An Easy Way to Hide Files and Directories in Linux

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Aaron Kili

Aaron Kili is a Linux and F.O.S.S enthusiast, an upcoming Linux SysAdmin, web developer, and currently a content creator for TecMint who loves working with computers and strongly believes in sharing knowledge.

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10 Responses

  1. Mitch says:

    What Linux distro, desktop environment, and terminal are you using in this?

  2. Mark Stephen says:

    Hiding files in Linux was not as easy as it looks. I really like your process to delivering that idea. your idea completely helps me…

  3. ghost74 says:

    Hello mate it is not append a dot the word should be “prepend” so that it’s​ easily understood by all

  4. Keith says:

    Appending a . may hide from ls, but it’s not really hidden from other users if they can perform ls -a. And password protecting a compressed file offers minimal security, as they can still read the file, and try to crac it.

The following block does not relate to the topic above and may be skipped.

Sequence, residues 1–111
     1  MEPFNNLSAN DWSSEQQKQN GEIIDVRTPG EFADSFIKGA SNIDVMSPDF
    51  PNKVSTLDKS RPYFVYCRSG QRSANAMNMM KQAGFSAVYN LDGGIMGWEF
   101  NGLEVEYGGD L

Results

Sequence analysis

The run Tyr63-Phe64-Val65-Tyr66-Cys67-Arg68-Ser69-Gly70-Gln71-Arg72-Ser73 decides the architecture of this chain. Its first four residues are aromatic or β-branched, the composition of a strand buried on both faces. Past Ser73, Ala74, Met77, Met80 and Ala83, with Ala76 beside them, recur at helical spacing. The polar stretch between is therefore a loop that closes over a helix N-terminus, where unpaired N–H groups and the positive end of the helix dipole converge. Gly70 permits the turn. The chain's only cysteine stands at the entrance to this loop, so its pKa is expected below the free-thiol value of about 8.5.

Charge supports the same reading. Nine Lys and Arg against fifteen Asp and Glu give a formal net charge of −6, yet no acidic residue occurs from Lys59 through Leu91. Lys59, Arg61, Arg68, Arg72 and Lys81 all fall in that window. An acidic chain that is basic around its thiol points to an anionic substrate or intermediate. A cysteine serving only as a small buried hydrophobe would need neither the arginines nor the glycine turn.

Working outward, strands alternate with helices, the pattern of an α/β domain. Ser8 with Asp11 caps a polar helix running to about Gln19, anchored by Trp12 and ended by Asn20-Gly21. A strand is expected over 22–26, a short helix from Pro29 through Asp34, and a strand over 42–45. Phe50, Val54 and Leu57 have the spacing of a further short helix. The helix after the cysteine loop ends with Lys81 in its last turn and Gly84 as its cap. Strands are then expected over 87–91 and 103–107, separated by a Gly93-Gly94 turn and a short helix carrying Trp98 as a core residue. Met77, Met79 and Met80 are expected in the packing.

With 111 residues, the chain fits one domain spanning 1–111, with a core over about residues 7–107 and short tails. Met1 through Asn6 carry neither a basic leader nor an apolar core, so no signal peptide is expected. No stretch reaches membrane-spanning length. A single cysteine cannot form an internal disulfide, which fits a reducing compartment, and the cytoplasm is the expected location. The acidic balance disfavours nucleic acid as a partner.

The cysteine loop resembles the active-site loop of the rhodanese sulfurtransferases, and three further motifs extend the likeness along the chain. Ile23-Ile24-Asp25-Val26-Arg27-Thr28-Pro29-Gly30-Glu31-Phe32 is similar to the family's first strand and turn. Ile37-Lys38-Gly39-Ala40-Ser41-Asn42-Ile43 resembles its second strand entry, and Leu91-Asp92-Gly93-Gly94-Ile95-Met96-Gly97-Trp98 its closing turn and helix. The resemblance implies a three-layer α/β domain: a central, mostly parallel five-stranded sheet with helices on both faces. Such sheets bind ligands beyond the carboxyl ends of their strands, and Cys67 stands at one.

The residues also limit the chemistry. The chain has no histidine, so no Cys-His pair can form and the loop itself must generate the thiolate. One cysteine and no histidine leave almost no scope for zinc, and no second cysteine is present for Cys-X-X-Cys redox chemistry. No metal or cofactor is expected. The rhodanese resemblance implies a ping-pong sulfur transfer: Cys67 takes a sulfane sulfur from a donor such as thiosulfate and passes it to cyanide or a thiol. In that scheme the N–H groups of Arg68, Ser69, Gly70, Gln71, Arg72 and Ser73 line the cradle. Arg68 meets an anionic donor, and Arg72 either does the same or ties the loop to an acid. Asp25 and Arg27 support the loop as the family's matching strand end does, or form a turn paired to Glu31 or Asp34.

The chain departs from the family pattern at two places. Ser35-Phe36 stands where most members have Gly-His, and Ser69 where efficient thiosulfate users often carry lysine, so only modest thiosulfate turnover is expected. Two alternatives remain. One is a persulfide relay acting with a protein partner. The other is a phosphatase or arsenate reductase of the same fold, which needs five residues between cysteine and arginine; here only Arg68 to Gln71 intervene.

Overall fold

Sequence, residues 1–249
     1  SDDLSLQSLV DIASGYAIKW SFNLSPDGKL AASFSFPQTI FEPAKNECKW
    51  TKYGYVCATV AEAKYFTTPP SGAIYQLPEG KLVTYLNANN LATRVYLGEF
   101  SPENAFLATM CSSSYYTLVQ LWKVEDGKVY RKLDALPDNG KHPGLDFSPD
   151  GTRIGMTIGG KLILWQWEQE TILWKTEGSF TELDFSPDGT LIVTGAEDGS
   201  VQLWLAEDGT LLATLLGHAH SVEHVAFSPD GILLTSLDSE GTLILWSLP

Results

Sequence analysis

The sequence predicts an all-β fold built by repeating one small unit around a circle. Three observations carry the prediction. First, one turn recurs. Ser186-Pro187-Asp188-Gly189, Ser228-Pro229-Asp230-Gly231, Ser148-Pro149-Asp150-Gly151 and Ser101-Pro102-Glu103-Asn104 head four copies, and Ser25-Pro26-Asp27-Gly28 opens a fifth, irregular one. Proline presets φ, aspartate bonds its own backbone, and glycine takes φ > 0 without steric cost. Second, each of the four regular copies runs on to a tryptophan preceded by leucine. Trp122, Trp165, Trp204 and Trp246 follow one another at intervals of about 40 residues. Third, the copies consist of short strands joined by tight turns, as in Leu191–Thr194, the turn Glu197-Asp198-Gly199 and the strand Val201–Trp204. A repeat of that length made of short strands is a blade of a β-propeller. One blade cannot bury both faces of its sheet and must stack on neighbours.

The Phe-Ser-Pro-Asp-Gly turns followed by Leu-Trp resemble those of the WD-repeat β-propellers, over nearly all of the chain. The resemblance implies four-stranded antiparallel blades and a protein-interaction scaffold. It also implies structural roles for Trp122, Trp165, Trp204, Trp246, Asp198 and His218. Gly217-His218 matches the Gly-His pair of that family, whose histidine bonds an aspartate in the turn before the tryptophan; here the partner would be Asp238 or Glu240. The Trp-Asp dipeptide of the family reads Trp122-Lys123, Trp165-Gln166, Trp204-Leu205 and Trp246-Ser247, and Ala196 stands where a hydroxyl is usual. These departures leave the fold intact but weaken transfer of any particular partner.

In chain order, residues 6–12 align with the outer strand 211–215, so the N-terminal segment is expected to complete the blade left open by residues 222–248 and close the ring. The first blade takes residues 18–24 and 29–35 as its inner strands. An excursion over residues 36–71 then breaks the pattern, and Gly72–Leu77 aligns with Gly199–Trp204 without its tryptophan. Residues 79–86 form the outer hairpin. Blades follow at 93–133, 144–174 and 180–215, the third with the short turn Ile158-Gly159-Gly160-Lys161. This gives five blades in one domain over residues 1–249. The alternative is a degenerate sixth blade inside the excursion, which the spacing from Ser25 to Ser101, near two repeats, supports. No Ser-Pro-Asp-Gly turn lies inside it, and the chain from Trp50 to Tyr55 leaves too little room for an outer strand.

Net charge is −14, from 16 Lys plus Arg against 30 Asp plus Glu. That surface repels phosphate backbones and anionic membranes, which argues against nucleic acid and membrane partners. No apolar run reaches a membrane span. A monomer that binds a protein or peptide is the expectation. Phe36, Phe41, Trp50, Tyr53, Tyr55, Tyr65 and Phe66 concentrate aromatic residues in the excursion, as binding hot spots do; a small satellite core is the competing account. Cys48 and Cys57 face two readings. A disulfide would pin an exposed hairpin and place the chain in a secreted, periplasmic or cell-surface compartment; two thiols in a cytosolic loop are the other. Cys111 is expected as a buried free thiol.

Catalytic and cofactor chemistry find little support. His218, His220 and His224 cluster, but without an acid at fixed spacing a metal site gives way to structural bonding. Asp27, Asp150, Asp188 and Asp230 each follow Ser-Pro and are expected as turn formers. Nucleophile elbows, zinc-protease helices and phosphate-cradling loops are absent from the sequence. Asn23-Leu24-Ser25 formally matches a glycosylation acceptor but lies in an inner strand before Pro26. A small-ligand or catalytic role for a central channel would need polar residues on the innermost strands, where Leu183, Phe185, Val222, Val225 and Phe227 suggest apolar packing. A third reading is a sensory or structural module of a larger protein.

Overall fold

If you really want to hide files or folders from other users, you need to place them in a directory and chmod said_directory with 700. Other users can see that you have a directory named said_directory, but the will have no permission to view anything inside, truly hiding those things you don’t want them to see.

    • Aaron Kili says:


      This is true, we’ll include this in the article. Many thanks for this handy tip.

    • Tim D says:

      In case anyone’s interested, I wrote a couple functions to help quickly lock and unlock folders using chmod 700 method above:

      lockit() {
      sudo chown root:root $1
      sudo chmod 700 $1

      unlockit() {
      sudo chown dmitri:dmitri $1
      sudo chmod 770 $1

      You can then lock from the terminal:

      $ lockit path/to/dir_or_file

      In order to make your locked directory accessible again, run this from the terminal:

      $ unlockit path/to/dir_or_file

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